Awhile back, I reviewed the start of Superman‘s “Grounded” story. I soon lost interest, as it really didn’t live up to expectations. However, as it has ended prematurely and become the final Superman adventure before the Great Reboot, and the last one with the original numbering, it seems that a concluding review may be in order.
Writers: J. Michael Straczynski, Chris Roberson
Artists: Eddy Bararows, J.P. Mayer, Jimal Igle, et al.
Writer: G. Willow Wilson
Artists: Leandro Oliveira, Walden Wong.
#706: G. Willow Wilson
Artist: Amilcar Pinna.
Writer: Kurt Busiek
Artists: Rick Leonardi, Jonathan Sibal.
#704: “The Road Not Taken”—Superman only briefly appears in the is “Interlude,” which features Lois Lane contemplating her role as the woman who shares Superman’s limelight.
#705: “Visitation Rights”—En route to Chicago, Superman deals with an abusive husband/father, while the arc’s secret villain makes a brief reappearance, haunting the Man of Steel’s psyche. Superman vs Social Problem has been done before, and here, it’s done to excess, with a parodically hyperbolic villain and PSA finale.
#706: “Breaking News”—In another Interlude (so soon?), the Daily Planet‘s staff deals with a potential Super-scandal, one made possible by the Internet and Photoshop and all those other scary developments.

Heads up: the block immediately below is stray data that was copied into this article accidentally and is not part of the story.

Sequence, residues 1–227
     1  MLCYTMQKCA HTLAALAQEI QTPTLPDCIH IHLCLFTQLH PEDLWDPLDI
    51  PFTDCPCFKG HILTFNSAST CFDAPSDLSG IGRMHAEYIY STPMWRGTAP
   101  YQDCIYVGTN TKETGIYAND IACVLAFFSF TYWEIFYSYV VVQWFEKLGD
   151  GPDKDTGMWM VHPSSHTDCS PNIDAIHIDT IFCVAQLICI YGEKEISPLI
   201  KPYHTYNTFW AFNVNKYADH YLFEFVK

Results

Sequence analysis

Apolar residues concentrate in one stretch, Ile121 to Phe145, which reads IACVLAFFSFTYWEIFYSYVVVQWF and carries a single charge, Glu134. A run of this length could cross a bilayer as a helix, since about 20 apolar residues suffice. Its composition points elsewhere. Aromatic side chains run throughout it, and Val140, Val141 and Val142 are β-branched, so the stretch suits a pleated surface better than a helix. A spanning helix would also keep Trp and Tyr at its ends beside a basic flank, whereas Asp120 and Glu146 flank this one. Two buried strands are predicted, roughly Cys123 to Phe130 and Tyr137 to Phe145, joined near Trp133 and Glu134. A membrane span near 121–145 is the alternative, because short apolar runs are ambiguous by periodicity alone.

#707: “Part Five”—Under the influence of the series villain, Superman becomes more morally ambiguous than ever, does some less than noble things, and alienates Lois. In the final panel, members of the Superman Squad materialize with Important News. This one at leaves gives us some direction, and its opening scenes show Superman engaging in actual superheroics. The first and second halves contrast what readers expect, and what the series has been giving us.
#708: “Part Six”—When a series experiences troubles, someone inevitably brings out the guest stars, and that’s what happens in the next three issues. In this one, the Man of Steel, still hounded by his secret villain, encounters Wonder Woman. We also take a sidetrip to the “Fortress of Solidarity” where we meet the Superman Squad, future heroes who look like the results of a Silver Age contest along the lines of, “Design and draw a NEW costume for Superman or Supergirl! Win a trip to Palisades Amusement Park! Finalists posted in issue #351!” Of course, they know what’s happening to Superman and, of course, they can’t tell him the full truth.
#709: “Part Seven”– We get a more typical Superman story here, with a guest appearance by the Flash, Silver Age-style Krytonian tech, and a hilarious bit of fan service.
#710: “Part Eight”—brings Batman—that’s Bruce Wayne—into the story, and represents a High Point. Yes, the premise is silly, as the heroes recall their first meeting, before either of them wore tights.